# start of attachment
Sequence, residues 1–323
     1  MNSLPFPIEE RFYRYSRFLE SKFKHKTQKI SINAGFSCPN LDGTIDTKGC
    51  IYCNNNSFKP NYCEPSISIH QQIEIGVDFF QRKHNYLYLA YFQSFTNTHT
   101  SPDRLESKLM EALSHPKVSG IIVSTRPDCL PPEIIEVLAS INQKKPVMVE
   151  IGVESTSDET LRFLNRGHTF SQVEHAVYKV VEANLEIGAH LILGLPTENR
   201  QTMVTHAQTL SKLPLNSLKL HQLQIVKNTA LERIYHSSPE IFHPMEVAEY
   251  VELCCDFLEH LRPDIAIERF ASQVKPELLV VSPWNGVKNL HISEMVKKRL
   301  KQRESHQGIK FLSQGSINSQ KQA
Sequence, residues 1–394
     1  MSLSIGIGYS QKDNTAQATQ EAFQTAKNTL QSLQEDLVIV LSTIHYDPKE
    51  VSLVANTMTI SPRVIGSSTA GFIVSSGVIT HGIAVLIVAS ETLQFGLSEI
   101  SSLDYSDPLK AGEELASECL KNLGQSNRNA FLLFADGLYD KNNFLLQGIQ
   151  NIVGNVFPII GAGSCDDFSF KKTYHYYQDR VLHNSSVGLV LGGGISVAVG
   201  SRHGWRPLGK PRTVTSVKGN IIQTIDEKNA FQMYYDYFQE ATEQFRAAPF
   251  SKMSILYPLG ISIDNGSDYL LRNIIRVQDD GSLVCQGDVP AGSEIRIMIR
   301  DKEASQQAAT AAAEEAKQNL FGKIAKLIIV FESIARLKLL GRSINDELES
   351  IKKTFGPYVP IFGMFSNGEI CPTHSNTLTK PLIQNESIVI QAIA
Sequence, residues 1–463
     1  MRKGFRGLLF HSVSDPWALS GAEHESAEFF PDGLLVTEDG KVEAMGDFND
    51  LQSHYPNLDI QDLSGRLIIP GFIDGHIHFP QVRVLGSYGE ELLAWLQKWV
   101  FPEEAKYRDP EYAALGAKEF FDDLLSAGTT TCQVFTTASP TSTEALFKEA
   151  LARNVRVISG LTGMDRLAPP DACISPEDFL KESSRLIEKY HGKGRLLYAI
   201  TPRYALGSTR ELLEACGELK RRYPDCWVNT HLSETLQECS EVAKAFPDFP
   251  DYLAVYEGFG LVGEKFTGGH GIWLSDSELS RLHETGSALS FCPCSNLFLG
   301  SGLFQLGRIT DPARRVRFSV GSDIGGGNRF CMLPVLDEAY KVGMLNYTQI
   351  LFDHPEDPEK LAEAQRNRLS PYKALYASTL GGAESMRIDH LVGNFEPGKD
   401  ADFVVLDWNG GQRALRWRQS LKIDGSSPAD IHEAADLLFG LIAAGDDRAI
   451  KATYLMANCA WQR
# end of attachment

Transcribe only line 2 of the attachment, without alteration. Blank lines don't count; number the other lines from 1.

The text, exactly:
     1  MNSLPFPIEE RFYRYSRFLE SKFKHKTQKI SINAGFSCPN LDGTIDTKGC